March 26 -- President Barack Obama recently paid a visit to the Argonne National Laboratory where he strongly voiced concerns about the national security threat Americans face from dependence on oil as a single source of fuel. As an Army veteran now working to develop advanced-energy technologies, I was proud to be there, too, standing next to a president who listens to the advice of military and national security leaders — and offers solutions to tackle our nation’s toughest energy challenges. >>View Article
The following blog post was originally published in the 25x25 blog and was written by President of the American Council On Renewable Energy, Vice Admiral Dennis McGinn.
The Senate should be commended for overwhelmingly voting this week to eliminate harmful restrictions on the U.S. military's efforts to expand its use of biofuels. Two overwhelmingly bipartisan votes in the upper chamber now focuses attention on the House of Representatives, where some lawmakers are continuing to insist on language in the National Defense Authorization Act (NDAA) that would prohibit the military – the nation’s biggest user of oil and gasoline ‑ from expanding its use of biofuels.
By James Marvin, A former Navy Seal and currently a clean-energy consultant at Environmental Entrepreneurs.
Every day around the world, technologies that are developed by the military help our troops carry out missions that keep America safe. But beyond strengthening our national security and giving Americans peace of mind, military investments in technology yield another dividend — economic growth. And a new report from Environmental Entrepreneurs (E2) shows just how big that growth can be. >>View blog post at www.stripes.com
August 8 -- With domestic oil production up, imports declining, and new oil and gas reserves being discovered, some question whether energy remains, or ever was, a security challenge and military vulnerability for the United States. The rise in oil prices back over $100 per barrel in the wake of Egypt's political turmoil provides a sobering answer. >>View Article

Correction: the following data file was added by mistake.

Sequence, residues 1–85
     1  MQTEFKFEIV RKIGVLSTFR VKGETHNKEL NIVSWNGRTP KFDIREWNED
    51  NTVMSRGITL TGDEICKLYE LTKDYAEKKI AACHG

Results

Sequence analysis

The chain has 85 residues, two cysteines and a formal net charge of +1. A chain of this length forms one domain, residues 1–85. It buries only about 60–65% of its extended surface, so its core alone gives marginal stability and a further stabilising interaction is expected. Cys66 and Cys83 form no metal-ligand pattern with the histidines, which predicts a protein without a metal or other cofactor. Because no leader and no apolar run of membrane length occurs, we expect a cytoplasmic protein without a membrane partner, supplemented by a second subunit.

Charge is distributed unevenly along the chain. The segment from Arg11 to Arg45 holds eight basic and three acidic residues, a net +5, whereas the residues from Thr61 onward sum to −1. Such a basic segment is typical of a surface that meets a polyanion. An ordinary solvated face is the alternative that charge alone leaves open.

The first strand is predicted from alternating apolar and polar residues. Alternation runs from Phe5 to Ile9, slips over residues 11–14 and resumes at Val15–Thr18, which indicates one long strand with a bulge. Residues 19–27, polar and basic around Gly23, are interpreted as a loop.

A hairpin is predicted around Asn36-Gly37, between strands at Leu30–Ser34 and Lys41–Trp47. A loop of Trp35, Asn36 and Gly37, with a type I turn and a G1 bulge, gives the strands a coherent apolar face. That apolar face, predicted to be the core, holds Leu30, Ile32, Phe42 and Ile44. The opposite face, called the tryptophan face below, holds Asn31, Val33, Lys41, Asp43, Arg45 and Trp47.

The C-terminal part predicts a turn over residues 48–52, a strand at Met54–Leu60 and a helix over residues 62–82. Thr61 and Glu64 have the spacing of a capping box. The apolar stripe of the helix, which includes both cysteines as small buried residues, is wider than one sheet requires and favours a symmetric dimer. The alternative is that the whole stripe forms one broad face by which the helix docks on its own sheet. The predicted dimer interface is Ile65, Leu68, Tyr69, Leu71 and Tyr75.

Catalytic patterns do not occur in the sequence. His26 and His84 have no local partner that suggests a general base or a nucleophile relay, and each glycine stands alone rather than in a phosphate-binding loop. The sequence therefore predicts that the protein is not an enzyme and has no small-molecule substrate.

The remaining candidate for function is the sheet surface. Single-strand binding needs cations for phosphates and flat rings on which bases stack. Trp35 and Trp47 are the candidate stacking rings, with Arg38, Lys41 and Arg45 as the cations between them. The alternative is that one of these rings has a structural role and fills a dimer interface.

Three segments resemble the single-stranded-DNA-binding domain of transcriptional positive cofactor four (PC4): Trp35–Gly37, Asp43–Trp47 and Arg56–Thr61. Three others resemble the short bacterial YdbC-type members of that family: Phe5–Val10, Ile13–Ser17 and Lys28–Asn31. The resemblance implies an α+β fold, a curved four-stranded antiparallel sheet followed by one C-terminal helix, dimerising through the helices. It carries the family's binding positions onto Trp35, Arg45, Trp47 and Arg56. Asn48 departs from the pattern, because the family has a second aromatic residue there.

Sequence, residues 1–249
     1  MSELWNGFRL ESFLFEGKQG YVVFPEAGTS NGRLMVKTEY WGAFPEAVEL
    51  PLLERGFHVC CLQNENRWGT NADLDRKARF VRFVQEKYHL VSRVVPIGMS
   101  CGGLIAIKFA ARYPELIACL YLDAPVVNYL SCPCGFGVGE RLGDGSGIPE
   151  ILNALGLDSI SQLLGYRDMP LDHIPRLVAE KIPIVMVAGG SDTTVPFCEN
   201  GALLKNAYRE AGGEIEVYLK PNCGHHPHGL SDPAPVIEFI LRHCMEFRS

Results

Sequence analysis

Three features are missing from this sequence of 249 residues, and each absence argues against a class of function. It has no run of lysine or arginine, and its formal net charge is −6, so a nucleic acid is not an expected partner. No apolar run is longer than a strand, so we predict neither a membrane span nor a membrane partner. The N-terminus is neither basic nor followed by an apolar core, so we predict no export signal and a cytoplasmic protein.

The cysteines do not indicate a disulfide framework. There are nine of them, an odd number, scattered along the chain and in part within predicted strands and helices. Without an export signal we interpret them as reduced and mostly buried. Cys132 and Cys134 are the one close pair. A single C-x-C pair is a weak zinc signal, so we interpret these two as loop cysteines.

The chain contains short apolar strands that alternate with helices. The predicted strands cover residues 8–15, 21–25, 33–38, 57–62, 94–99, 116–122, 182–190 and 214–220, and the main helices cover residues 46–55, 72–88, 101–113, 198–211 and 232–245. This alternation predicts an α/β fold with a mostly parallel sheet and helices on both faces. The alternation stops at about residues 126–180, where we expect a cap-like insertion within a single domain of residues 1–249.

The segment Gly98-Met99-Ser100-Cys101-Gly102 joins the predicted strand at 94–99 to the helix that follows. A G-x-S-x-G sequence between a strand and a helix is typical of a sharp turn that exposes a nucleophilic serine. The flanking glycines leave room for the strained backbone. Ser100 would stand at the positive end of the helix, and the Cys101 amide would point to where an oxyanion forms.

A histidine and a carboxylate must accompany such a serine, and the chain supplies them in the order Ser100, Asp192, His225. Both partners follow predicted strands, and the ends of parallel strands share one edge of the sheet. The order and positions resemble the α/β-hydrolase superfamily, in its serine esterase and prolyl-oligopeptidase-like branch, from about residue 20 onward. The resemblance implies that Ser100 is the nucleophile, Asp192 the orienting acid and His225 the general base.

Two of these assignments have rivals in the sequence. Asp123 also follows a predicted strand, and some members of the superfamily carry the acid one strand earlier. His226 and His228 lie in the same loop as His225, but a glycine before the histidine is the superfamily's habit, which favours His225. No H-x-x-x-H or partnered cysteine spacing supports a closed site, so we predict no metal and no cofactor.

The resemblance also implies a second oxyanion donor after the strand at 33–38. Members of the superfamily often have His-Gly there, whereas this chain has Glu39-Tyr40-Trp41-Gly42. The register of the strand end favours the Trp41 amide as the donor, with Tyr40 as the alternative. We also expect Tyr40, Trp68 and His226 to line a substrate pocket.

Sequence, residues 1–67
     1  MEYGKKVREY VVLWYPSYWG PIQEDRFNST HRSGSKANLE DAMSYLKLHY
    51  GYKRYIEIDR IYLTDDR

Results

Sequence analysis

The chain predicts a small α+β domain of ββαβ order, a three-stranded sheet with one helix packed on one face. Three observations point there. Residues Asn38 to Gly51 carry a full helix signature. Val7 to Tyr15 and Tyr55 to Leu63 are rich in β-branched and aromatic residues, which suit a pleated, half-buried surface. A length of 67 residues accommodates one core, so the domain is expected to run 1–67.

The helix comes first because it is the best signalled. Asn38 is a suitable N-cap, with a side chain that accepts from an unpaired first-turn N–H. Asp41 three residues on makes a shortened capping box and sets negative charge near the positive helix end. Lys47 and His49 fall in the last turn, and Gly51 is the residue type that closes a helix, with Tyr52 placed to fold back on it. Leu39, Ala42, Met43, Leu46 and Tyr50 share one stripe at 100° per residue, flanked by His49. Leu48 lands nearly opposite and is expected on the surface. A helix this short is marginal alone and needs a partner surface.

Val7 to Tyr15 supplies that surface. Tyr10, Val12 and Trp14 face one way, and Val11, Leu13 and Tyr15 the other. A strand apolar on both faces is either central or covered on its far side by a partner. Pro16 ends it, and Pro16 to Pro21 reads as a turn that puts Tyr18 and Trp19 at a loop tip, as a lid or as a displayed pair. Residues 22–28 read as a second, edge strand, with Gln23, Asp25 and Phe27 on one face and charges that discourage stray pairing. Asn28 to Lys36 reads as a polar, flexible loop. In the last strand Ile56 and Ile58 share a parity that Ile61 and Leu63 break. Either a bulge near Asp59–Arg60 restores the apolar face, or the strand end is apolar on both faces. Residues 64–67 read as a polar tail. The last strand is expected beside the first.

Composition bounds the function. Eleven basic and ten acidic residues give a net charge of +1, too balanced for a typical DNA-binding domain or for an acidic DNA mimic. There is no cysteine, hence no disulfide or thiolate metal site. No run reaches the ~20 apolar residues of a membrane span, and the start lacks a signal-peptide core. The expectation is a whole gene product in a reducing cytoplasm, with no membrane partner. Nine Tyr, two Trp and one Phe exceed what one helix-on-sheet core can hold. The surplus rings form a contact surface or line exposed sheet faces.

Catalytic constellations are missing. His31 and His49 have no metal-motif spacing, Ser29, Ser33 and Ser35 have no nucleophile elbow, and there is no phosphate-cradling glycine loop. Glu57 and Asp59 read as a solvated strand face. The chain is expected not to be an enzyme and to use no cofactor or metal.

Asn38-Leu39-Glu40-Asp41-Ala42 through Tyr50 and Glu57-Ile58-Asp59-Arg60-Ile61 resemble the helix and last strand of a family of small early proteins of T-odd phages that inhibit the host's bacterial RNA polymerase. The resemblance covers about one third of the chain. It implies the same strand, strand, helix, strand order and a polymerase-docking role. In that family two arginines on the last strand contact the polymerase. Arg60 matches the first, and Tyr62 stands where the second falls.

September 9 -- Move over Tesla Motors TSLA, the U.S. military is rewriting the rules of electricity-induced locomotion. Rather than storing electricity supplied by the electric grid, the next-generation of electric vehicles may be designed to supply self-generated electricity to the electric grid. >>View Article
June 24 -- For the price of a single F-22 fighter jet, Congress could do more to strengthen national security and our economy than an entire combat squadron. When invested in military-led biofuel development, that cost could secure a safe, renewable domestic fuel supply and spur job growth in communities across the country. >>VIew Article
May 22 -- The Solar Energy Industries Association released a report Friday detailing the military’s recent commitment to power 25 percent of its electricity intake with renewable energy by 2025. So far more than 130 megawatts of solar voltaic systems have been installed in military bases spanning 31 states and D.C. The panels provide enough electricity to power 22,000 U.S. homes. >>View Article
April 9 -- The U.S. military has begun a transition to efficient and renewable energy. The Army is proceeding with its “Net Zero Energy” initiative, aiming to produce as much energy and water as they use. Cost and reliability are the primary reasons, but cutting carbon pollution is one of the outcomes. >>View Article
March 22 -- The Air Force plans to spend $20 million on a new fleet of electric vehicles that can recuperate their costs by plugging back into the grid. >>View Article
February 8 -- Sharon E. Burke, the assistant secretary of defense for Operational Energy Plans and Programs, told industry partners and congressional leaders at the American Council on Renewable Energy's National Renewable Energy Policy Forum that the motivation for seeking out clean energy sources is strongly rooted in national security interests. >>View Article